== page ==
The rate of capacity utilization in the electric utility sector dropped below 80 percent in 2011. This is the lowest level on record, with data going back to 1967, or nearly a half-century ago. The figure is far below the average utilization rate of 89 percent over this period. (See figure below.)
The exceptional degree to which there is unused capacity in the electric utility industry (or the “electric power generation, transmission, and distribution” sector as defined by Federal Reserve Board data) is entirely at odds with the notion that new regulations finalized or proposed by the Environmental Protection Agency are holding back job growth. To the contrary, this trend is consistent with the theory that such regulations can lead to modest increases in employment, since the compliance costs they lead to would not compete with other investments by this sector.
If regulation was holding back investment in the utility sector, one would expect there to be high capacity utilization rates. Companies would be relying heavily on existing capacity rather than investing in new capacity because they would be deploying investments on regulatory compliance, or because they were fearful new regulations would undercut their return on new investments.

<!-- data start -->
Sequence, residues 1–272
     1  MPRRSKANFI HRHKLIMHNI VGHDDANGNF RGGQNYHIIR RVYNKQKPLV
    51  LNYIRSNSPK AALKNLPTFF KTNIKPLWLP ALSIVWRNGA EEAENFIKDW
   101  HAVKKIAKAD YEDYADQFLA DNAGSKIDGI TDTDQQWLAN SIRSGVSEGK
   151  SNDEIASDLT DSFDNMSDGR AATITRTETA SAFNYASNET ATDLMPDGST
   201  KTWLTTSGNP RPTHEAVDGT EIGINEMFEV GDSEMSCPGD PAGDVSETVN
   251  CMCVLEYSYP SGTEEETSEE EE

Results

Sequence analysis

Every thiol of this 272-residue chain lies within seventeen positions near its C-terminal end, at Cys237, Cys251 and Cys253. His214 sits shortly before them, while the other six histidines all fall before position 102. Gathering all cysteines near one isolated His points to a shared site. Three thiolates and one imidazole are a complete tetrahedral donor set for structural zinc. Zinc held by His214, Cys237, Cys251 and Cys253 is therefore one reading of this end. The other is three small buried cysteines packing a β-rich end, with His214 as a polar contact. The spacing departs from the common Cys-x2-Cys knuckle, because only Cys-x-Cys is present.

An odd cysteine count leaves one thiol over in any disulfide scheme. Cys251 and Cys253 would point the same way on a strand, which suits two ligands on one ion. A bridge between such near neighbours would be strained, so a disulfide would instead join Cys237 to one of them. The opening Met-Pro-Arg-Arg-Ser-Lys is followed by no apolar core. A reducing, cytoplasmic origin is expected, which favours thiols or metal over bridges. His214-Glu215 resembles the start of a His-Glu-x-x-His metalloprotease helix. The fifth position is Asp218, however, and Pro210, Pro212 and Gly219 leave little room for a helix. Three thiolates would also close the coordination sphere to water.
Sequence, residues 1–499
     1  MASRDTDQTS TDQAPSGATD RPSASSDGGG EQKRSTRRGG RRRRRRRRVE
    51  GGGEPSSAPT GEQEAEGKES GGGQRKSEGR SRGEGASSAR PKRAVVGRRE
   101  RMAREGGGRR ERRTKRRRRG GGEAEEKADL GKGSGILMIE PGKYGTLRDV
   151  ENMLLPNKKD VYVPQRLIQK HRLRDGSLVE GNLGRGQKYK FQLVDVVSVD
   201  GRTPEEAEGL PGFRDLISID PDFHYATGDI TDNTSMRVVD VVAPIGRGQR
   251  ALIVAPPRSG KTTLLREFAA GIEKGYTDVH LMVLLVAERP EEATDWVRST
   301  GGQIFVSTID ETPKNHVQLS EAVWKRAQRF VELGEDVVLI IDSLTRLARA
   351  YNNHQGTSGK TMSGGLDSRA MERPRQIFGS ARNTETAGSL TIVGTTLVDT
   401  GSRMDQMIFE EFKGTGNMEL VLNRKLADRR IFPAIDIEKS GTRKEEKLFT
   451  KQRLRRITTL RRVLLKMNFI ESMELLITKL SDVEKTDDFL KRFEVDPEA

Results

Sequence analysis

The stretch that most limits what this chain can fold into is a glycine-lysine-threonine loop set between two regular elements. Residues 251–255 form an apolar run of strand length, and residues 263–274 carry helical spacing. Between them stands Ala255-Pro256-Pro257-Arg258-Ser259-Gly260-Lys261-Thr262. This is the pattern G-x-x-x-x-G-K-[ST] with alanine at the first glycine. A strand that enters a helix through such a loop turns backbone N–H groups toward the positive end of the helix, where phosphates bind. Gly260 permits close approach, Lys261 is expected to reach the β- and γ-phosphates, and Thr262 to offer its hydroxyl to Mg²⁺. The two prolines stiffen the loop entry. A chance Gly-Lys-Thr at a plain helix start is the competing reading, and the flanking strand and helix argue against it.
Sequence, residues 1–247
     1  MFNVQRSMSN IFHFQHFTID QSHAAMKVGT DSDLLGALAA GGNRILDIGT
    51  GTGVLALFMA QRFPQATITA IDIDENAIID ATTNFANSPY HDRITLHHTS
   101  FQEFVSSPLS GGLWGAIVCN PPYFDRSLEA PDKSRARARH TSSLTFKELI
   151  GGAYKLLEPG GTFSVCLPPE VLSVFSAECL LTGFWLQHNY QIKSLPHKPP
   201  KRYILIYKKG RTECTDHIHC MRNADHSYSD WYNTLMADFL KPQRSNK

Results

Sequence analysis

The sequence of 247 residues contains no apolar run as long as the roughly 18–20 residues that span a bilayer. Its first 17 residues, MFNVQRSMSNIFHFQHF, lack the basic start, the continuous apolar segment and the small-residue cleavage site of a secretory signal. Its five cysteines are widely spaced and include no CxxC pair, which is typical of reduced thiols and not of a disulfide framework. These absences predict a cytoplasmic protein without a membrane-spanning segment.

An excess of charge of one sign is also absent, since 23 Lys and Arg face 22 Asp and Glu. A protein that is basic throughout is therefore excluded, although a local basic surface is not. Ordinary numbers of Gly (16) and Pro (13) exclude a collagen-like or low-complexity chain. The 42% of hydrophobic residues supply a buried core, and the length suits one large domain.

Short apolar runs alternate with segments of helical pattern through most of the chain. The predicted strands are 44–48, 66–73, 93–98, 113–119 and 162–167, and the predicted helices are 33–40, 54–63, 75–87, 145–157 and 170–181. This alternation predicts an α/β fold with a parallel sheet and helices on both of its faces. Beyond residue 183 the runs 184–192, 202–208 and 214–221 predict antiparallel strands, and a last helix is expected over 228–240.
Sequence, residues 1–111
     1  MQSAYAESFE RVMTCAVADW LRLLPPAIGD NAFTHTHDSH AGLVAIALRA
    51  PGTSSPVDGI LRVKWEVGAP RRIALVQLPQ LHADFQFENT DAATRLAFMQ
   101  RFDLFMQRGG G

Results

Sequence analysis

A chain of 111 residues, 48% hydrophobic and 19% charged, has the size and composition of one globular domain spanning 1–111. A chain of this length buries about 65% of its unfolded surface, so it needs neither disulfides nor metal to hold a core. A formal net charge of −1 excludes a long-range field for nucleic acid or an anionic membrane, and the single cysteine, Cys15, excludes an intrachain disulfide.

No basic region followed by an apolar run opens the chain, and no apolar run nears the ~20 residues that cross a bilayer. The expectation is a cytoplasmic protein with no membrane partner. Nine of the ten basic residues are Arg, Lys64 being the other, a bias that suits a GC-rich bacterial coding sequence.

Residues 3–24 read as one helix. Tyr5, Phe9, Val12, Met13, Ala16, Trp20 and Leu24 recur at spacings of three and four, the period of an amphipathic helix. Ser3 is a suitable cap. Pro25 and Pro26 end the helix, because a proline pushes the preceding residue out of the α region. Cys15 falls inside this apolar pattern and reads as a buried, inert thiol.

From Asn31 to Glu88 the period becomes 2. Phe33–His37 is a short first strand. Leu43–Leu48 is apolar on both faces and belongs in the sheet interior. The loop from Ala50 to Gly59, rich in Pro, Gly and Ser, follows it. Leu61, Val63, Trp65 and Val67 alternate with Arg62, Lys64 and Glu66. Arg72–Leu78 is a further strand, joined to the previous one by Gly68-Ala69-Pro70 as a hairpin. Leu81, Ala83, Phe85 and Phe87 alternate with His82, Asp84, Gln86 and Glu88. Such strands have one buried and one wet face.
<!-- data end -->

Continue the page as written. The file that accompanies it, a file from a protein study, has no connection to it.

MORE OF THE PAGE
While the existence of large, unused capacity is thus inconsistent with the notion that regulations are thwarting job creation in the electric utility industry, it is completely consistent with the notion that the lack of stronger demand is holding back increased investments in facilities or more hiring. Why make such investments when current resources are far from being fully utilized? The data suggest that until demand picks up more rapidly and cuts into excess supply, accelerated investments will not occur.
The broad attacks on regulation advanced over the past year have consistently featured the supposedly dire consequence of EPA regulations on the utility industry. The capacity utilization data for all of 2011 provide additional evidence that these attacks have been misplaced. Instead, the data are consistent with earlier EPI work finding that lack of demand, not regulations or regulatory uncertainty, underlie the modest pace of job growth and that now might be an especially timely moment to advance new regulations.